Moeen puts India in a spin as England level series
Serenity. That is the quality that England introduced to their team when they took a punt on a cricketer from an unfashionable background – not just a public park in Birmingham but a park without a proper pitch – and an unfashionable county, Worcestershire.
This quality was manifest first in Moeen Ali's fielding. He was given the Jonathan Trott role of fielding anywhere except close to the wicket, even at long leg at both ends. Another newcomer might have felt out of place, even excluded, but he did not appear to mind. The serenity was then shown in his batting at Headingley. Has anyone scored such a serene century for England, in only his second Test, as Moeen did on the last day?
But serenity was also required in his spin bowling in India's second innings at the Ageas Bowl. The pressure on a spinner on a turning pitch in the fourth innings is like that on an opening bowler on a green top after his captain wins the toss and sends in the opposition – and England's four-man seam attack collectively buckled under that pressure on the first morning of the second Test against India at Lord's.
It helped that Moeen at the Ageas Bowl had done the first half of his spinner's job in India's first innings. He had held the line and given Alastair Cook some control by restricting India to little more than three runs an over. He also picked up a couple of top wickets – Ajinkya Rahane and Rohit Sharma – while the seamers rested.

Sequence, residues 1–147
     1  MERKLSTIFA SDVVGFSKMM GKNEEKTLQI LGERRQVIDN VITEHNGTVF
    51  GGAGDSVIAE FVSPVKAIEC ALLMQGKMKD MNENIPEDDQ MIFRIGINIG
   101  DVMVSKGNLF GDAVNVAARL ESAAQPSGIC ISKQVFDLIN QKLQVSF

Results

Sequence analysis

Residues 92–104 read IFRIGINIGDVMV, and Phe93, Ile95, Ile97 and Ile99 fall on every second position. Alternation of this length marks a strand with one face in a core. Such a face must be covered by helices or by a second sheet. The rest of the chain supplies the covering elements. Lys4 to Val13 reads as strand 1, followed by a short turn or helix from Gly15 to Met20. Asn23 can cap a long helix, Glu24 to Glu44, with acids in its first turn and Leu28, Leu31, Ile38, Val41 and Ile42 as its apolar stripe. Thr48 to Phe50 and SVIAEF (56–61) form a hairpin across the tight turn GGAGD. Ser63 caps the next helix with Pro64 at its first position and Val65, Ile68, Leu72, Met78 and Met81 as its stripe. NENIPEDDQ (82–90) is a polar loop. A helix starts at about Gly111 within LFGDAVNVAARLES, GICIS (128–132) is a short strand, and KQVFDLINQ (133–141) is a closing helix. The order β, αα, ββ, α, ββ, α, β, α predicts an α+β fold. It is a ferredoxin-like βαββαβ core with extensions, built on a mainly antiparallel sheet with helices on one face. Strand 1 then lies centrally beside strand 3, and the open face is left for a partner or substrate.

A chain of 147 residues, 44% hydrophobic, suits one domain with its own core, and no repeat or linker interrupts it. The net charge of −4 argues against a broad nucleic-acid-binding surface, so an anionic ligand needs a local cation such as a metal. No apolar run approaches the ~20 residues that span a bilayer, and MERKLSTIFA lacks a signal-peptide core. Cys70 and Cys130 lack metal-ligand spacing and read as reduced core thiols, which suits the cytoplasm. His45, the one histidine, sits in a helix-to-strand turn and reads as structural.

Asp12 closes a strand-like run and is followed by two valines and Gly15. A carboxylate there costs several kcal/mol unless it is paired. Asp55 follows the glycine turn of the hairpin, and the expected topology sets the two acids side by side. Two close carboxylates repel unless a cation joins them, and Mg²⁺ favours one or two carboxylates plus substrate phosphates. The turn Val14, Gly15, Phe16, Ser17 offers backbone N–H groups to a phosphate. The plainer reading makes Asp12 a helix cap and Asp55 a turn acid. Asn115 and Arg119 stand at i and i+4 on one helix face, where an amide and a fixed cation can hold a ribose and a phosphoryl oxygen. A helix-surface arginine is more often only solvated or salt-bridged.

Still, the expectation was great upon Moeen when he took the ball for the 13th over of India's second innings. He had to perform the second half of his spinning job: take a five-for in conditions favourable to him.
Cook after the game rightly said that his spinner had come on "in leaps and bounds". So he has. Moeen was on nice and early and he proceeded to do the job with an excellent line.
His prime asset, apart from overall accuracy, was that he beat both sides of the bat. By turning the ball enough initially to beat the inside edge, he had the Indians playing for turn, and then beat or nicked their outside edge: hence the first and highly distinguished wicket of Cheteshwar Pujara, with the help of Chris Jordan.
Graeme Swann would surely have bowled better than Moeen did to India's left-handers, Shikhar Dhawan and Ravi Jadeja, sliding the ball into their pads. But would he have bowled better, on the day, against India's right-handers? There is no guarantee.
Moeen's was one of several stellar performances amid the excellent teamwork in England's open-air and out-of-town production of That's More Like It. (© Daily Telegraph)